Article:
Nothing less than the nation's nascent economic recovery hangs in the balance. States say that if they do not find financial rescue they will have to cut services and workers. That would deliver a potentially crippling blow to the economy, which needs higher employment levels to fatten wallets, promote spending, bolster tax revenue and reduce dependence on expensive social services.
States face a combined deficit of $89 billion in the fiscal year that begins Thursday, according to the National Conference of State Legislatures. And because every state but
is required to balance its budget, the only recourse is cutting employees or vital programs, including education spending, medical services, programs for the disabled and elderly, and police and fire protection. Vermont
All that cutting could mean the loss of 900,000 jobs -- in the public sector and in private companies that rely on state business, according to the Center on Budget and Policy Priorities, a liberal research group.
President Obama has called for $50 billion in aid for states, but concern about the federal deficit has made lawmakers wary about significant new spending.
"We may be looking at a culture and lifestyle around this country that will start to remind people of the Depression, not a recession, if we cut through these budgets much more," said New York Gov. David A. Paterson (D), who was among a small group of state chief executives who descended on Congress on Wednesday to make a last-ditch plea for federal help.
Finally, for those interested, here is some data on the recent quarter- and month-end, pulled from BTIG (not pretty, bold is mine…retailers and energy, i.e. “consumptive” stocks, just got crushed…along with financials):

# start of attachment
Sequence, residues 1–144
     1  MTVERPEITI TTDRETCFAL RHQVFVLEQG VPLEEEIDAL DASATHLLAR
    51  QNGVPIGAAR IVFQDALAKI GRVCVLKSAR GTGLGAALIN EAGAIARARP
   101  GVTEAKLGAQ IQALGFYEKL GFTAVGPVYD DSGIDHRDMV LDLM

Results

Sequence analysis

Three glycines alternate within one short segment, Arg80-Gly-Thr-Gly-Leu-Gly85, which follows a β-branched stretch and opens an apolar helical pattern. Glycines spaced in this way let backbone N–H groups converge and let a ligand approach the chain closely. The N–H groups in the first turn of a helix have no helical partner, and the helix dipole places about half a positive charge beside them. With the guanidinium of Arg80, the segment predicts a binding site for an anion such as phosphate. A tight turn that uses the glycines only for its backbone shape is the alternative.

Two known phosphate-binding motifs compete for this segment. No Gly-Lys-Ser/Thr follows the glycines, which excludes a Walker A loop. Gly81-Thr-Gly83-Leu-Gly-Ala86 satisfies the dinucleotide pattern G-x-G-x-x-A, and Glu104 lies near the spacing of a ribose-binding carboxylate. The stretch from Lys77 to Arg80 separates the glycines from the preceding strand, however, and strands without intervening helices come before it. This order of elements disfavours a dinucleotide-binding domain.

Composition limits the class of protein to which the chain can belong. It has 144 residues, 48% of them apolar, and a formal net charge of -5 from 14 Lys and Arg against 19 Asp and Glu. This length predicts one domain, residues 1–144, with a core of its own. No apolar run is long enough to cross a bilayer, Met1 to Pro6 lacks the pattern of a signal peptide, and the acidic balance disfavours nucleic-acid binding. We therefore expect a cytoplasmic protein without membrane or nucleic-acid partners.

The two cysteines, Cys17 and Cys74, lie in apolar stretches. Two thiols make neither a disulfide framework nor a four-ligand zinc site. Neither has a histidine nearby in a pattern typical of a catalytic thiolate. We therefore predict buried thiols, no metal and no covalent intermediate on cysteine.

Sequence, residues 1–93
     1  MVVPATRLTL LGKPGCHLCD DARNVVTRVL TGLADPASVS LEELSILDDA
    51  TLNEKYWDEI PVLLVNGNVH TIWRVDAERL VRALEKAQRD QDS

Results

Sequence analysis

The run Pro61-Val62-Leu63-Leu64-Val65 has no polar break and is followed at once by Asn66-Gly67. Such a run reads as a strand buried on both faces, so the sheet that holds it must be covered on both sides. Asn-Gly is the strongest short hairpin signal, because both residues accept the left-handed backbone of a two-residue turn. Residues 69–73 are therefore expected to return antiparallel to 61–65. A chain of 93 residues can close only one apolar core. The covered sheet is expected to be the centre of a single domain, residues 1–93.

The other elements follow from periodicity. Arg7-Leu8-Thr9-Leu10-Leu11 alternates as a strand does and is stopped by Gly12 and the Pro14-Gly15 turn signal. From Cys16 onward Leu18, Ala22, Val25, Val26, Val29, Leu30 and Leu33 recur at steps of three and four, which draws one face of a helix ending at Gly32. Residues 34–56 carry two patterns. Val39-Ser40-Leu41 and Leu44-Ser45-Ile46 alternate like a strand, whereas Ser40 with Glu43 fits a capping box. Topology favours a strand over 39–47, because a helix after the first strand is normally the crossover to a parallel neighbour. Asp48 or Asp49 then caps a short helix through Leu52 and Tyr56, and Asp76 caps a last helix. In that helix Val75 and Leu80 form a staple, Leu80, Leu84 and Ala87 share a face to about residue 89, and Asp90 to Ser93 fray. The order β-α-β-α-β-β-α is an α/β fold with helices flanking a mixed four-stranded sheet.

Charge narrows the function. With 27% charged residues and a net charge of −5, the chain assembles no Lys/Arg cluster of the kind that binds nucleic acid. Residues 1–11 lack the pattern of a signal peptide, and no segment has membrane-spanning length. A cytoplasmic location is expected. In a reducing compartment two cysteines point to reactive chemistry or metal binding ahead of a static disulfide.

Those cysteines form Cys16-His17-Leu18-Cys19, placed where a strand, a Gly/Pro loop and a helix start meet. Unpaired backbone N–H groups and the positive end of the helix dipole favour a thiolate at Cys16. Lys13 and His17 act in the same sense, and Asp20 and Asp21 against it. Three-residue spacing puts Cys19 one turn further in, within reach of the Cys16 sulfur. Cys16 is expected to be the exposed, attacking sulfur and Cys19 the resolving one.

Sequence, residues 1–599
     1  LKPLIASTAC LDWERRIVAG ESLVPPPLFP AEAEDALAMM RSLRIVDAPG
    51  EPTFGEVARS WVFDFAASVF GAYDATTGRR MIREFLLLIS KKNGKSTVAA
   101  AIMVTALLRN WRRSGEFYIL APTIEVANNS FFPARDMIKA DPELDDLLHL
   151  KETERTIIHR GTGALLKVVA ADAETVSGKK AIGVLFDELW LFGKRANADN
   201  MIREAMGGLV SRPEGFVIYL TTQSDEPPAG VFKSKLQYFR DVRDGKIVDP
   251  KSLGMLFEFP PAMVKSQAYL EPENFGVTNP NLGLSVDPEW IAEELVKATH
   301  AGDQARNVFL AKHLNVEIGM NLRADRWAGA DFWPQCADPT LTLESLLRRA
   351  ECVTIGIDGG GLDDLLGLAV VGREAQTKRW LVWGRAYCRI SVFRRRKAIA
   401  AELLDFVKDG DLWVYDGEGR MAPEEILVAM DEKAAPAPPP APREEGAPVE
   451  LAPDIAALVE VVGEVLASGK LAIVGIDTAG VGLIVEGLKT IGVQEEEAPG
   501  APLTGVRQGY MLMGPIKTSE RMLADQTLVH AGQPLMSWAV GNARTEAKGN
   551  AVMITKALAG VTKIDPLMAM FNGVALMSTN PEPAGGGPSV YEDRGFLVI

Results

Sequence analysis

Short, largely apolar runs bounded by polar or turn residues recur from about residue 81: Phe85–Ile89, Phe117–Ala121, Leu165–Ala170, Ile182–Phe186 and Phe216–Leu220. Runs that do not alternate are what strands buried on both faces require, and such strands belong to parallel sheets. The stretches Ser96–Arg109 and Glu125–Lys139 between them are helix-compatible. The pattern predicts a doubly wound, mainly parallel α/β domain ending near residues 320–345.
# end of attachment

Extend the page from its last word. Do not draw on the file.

For the Month:
INDU -3.6%, SPX -5.4%, NDX -6.1%, CCMP -6.5%, RTY -7.9%,
MID -6.7%, BKX -7.6%, XBD -10.7%, HGX -17.5%, RMZ -5.6%, IXR -2.8%, CYC -8.9%, TRAN -7.6%, CRB 1.5%, RICIX -0.7%,
Gold (aug) 2.3%, Crude (aug) 0.3%, Nat Gas (aug) 3.4%, OSX -4.6%, XOI -8.3%, XAL -3.4%, UTY -0.9%, MVRX -14.8%, NWX -10.9%, SOX -6.6%, HMO -5.4%, DRG 1.8%, BTK -2.7%
NKY -3.9%, HIS 1.8%, ASX -4.9%, KOSPI 3.5%, NIFTY 4.4%, SHSZ300 -7.6%, TWSE -0.6%
UKX -5.2%, DAX 0.0%, CAC -1.8%, RTSI$ -3.6%, Stoxx -1.4%
IBOV -3.3%, MEXBOL -2.8%
For the Quarter:
INDU -10.0%, SPX -11.9%, NDX -11.2%, CCMP -12.0%, RTY -10.2%,
MID -9.9%, BKX -11.3%, XBD -16.9%, HGX -19.9%, RMZ -4.9%, IXR -8.8%, CYC -13.4%, TRAN -8.4%, CRB -5.4%, RICIX -8.4%,
Gold (aug) 11.5%, Crude (aug) -11.2%, Nat Gas (aug) 9.6%, OSX -20.3%, XOI -18.3%, XAL -4.6%, UTY -4.8%, MVRX -16.6%, NWX -15.6%, SOX -9.3%, HMO -11.1%, DRG -10.4%, BTK -16.6%
NKY -15.4%, HIS -5.2%, ASX -12.6%, KOSPI 0.4%, NIFTY 1.2%, SHSZ300 -23.4%, TWSE -7.5%
UKX -13.4%, DAX -3.1%, CAC -13.4%, RTSI$ -15.2%, Stoxx -12.2%
IBOV -13.4%, MEXBOL -6.3%
S&P 500 PreMarket 8:30am (last/% change prior close/volume):
QUESTAR CORP 15.42 +5.18%
TYCO ELECTRONICS 24.37 -3.98%
NORTHERN TRUST 45.14 -3.34%
ANADARKO PETROLE 37.05 +2.66%
TENET HEALTHCARE 4.44 +2.3 %
APOLLO GROUP-A 41.59 -2.07%
MACY'S INC 17.53 -2.07%
HALLIBURTON CO 25.05 +2.04%
MOODY'S CORP 19.52 -2.01%
ROWAN COMPANIES 21.50 -2.01%
Today’s Trivia: Name the smallest nation to ever qualify for a World Cup. When?
Hungary beat El Salvador 10- 1 in 1982 and 9- Korea 0 in 1954. Thus 9 goals is the largest margin of victory in World Cup history.
Best Quotes: BofAMLCO trader note… To put the first half of the year in perspective, equities trailed bonds by the widest margin in nine years - the S&P 500 lost 7.5% over the first 6 months while Treasuries returned nearly 6%. VIX up nearly 60% ytd. Does a new month mean a fresh start? Not likely but one can dream. Our bank analyst, Guy Moskowski, cutting numbers pretty significantly on the majors - GS, MS, JPM and C. A lower than expected PMI report out of
is being cited as the catalyst for today's weakness. The equity markets seem to be ignoring a better than expected result for a Spanish bond auction even though the Euro has rebounded nicely on the story (granted it was down 15% for the quarter). Crude is trading down another 1.5% this morning and looks to be breaking down technically on the heels of the worst quarter for commodities in a decade. Lots of economic data to digest this morning from jobless claims to home and vehicle sales. Technicals are pretty bleak with 1000.00 being the next big target on the downside. On the upside, likely need to get to 1070 before anything good can be said. China